How do you graph 3x+y<5
To start, change the inequality sign to equal sign.
`3x + y lt 5`
`3x + y = 5`
Then, plot the equation above.
It's graph is:
The equation 3x+ y = 5 serves as a boundary between regions. That is why we have a broken line, not a solid one.
As shown above, there are two regions. The region above the line and below the line.
Then, let's take a point in each region and substitute the values to the inequality equation.
For region above the line:
Point (3,3) ===> 3x + y < 5
3(3) + 3 < 5
9 + 3 < 5
12 < 5
The resulting condition is False. Hence, the upper region of the line is not part of the graph of the inequality equation.
For region below the line:
Point (0,0) ===> 3x + y < 5
3(0) + 0 < 5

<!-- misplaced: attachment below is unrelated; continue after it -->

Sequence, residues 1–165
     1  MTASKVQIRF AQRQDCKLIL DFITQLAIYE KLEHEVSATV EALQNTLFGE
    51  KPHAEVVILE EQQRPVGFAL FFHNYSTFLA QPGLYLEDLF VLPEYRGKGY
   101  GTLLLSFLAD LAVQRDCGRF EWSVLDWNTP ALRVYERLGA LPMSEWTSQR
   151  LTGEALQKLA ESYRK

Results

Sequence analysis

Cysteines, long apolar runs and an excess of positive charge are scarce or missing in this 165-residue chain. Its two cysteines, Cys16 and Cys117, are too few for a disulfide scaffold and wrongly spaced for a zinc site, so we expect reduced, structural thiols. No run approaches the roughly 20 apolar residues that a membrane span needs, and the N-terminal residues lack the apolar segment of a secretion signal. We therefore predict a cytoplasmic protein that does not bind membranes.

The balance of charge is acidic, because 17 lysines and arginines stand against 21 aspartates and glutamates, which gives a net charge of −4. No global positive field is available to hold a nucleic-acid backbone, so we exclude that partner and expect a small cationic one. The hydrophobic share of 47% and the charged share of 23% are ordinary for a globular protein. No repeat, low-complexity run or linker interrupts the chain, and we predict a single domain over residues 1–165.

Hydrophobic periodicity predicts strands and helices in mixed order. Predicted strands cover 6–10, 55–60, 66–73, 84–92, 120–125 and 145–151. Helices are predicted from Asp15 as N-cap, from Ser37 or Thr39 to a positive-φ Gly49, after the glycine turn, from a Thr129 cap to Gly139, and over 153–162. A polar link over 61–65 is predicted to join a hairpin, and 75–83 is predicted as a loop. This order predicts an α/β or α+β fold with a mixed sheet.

0 < 5
Since the resulting condition is TRUE, shade the region below the line to indicate that it is the graph of the inequality equation.
Answer: The shaded portion is the region below the line of `3x+y=5` . This shaded portion is the graph of the inequality equation `3x+ y lt 5` .
Now let f(x) = 5-3x
we can graph 5-3x
when x=0 then f(x) =5
when f(x) = 0 then x=5/3
So 5-3x graph goes through (0,5) and (5/3,0) cordinates.
If you draw a line across these points you will get the 5-3x graph.
What we want is y<5-3x
So the area below 5-3x line gives the required range for the answer.